Sounds like a use case specific thing... or maybe better solved for with
selective disclosure... and ... presentations.


> Also,  how you revoke a VC depends on which type it is.
>
>
This is not true today... it's determined by the credential status type
property... not the credential type property:

https://www.w3.org/TR/vc-data-model/#status

It seems there was some foresight for this case, because "credential status
type", is different from the "credential type".

Should we have to define an entire different scheme to revoke capabilities?

... or can we build on / reuse terms defined in the VC Data Model.

--------------
> Alan Karp
>
>
> On Fri, Sep 9, 2022 at 6:02 AM Orie Steele <orie@transmute.industries>
> wrote:
>
>> Open ID seems to be doing fine using JWT for both id_token and
>> access_token s... With far more adoption than verifiable credentials or
>> semantic object capabilities.
>>
>> The arguments against allowing for a single standard to be used multiple
>> ways don't make sense to me.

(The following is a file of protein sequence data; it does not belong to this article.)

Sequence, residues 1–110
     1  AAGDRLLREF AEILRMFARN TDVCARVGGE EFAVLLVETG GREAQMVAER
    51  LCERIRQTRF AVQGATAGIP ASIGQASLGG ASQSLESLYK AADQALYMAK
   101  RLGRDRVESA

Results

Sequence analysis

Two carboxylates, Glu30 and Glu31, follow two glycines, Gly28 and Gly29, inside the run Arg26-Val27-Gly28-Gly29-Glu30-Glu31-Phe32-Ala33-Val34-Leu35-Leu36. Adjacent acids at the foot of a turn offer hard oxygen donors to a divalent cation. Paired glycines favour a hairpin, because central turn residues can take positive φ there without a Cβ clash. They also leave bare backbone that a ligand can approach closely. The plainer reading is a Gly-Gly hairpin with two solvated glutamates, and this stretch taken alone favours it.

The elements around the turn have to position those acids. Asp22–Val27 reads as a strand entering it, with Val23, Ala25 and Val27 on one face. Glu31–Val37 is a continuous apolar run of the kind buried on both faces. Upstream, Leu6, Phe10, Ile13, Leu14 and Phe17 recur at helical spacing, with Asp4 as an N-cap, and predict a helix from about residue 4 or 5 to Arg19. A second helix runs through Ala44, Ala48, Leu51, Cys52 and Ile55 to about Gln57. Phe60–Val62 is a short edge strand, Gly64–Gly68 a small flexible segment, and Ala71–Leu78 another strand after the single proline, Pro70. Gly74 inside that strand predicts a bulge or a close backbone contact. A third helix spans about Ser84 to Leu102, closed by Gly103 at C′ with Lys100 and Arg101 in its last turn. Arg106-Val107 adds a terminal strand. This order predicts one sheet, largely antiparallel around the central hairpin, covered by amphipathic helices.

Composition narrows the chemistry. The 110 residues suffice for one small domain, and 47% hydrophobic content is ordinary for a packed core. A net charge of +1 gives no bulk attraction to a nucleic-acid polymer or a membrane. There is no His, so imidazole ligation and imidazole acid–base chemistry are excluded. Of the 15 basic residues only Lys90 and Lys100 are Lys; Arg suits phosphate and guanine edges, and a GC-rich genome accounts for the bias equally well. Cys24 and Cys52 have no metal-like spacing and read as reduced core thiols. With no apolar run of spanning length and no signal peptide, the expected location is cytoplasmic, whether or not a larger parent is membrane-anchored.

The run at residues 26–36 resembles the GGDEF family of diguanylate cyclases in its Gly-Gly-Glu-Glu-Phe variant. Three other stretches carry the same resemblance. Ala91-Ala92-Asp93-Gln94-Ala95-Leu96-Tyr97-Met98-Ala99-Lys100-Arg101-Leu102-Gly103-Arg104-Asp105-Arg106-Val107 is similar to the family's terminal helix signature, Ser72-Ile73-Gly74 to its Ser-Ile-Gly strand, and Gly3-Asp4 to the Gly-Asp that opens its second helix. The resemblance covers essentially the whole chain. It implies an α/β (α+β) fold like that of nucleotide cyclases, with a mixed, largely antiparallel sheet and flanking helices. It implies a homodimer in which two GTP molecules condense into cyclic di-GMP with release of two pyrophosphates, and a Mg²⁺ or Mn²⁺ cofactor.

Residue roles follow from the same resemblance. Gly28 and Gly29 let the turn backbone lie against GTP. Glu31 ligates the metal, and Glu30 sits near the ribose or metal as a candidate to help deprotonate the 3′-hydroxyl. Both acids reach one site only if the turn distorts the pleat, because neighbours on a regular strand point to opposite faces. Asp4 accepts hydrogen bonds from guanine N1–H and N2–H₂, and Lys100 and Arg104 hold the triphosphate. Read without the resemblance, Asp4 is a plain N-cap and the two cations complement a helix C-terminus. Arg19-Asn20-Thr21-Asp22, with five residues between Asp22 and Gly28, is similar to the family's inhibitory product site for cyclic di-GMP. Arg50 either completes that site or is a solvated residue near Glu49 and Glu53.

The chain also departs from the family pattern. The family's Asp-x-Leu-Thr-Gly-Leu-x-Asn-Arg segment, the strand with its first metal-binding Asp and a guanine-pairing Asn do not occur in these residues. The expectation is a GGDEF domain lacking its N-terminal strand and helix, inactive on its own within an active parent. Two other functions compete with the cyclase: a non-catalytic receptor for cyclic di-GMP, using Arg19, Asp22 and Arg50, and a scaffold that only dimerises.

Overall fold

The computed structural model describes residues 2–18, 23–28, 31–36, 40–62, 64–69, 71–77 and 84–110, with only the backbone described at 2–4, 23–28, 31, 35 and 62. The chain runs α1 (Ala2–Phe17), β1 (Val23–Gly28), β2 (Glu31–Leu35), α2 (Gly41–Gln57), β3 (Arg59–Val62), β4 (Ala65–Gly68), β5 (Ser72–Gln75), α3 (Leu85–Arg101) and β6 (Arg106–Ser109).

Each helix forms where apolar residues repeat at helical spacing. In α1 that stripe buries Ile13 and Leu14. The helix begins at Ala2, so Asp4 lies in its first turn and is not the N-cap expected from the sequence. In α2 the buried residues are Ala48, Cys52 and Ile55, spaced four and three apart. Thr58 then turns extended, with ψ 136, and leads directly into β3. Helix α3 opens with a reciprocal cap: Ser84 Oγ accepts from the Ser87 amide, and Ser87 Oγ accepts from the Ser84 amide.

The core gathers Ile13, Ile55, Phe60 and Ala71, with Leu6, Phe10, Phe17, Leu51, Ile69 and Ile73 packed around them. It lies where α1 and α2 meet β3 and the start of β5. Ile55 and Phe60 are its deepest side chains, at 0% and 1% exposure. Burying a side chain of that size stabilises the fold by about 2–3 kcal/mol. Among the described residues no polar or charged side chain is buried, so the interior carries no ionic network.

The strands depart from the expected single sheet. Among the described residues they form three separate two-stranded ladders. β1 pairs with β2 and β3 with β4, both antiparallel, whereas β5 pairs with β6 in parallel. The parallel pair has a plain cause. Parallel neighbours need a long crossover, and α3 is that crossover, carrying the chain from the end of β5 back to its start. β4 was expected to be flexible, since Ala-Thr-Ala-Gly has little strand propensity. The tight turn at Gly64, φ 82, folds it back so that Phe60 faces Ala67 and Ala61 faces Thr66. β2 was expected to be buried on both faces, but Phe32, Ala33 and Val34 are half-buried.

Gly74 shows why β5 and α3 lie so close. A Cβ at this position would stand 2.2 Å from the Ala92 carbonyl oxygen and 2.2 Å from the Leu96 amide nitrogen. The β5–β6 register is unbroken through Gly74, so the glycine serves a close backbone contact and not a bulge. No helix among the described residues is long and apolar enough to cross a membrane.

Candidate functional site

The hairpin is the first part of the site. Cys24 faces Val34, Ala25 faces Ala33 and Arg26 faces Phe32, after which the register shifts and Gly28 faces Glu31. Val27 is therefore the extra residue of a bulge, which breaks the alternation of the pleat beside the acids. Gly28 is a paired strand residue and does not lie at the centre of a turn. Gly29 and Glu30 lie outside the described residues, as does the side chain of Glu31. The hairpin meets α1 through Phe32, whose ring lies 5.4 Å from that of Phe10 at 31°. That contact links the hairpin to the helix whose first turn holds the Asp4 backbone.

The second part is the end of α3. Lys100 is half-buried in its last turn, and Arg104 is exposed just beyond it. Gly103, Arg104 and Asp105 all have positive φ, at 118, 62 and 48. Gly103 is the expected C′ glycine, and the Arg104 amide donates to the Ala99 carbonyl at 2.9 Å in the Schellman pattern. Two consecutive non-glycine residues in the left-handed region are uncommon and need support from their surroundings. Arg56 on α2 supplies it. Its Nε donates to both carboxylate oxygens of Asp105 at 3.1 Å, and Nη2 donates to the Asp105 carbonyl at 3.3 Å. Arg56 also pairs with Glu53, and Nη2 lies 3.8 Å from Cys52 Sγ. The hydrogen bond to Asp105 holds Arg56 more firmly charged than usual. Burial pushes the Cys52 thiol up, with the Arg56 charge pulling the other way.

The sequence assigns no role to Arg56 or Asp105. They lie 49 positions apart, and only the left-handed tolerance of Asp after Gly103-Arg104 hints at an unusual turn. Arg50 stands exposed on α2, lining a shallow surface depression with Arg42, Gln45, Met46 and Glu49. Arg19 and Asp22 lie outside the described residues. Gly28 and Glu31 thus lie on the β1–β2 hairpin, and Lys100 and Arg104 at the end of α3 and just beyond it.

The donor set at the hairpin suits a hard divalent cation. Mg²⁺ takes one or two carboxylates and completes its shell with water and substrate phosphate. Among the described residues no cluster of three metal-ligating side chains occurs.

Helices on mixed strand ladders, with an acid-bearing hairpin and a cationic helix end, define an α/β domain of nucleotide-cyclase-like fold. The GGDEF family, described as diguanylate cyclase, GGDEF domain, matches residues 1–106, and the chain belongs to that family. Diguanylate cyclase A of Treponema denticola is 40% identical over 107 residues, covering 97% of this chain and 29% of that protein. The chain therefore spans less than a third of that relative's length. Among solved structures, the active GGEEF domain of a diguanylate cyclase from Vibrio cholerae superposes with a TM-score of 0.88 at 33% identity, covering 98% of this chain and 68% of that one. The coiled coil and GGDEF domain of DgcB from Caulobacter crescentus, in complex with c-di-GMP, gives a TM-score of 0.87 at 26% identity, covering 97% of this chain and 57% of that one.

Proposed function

>>
>> Especially given the success of JOSE / COSE / OIDC.
>>
>> Specifying claims is the job of the issuer, interpreting them is the job
>> of the verifier.
>>
>> Telling an issuer that they can't specify claims that only they will
>> verify, but they can specify claims that mostly a 3rd party will verify...
>> Does not make sense.
>>
>> Forbidding verifiable credentials from being capabilities feels like
>> competition suppression packaged as "a community that knows better,
>> protecting users from themselves"...
>>
>> It reminds me of Apple refusing to implement web standards or mDoc only
>> supporting drivers licenses and vaccination credentials.
>>
>> It feels like being tricked into buying an entire different system based
>> on semantic preferences that make very little sense, and that can easily be
>> changed if the community realizes that they are responsible for creating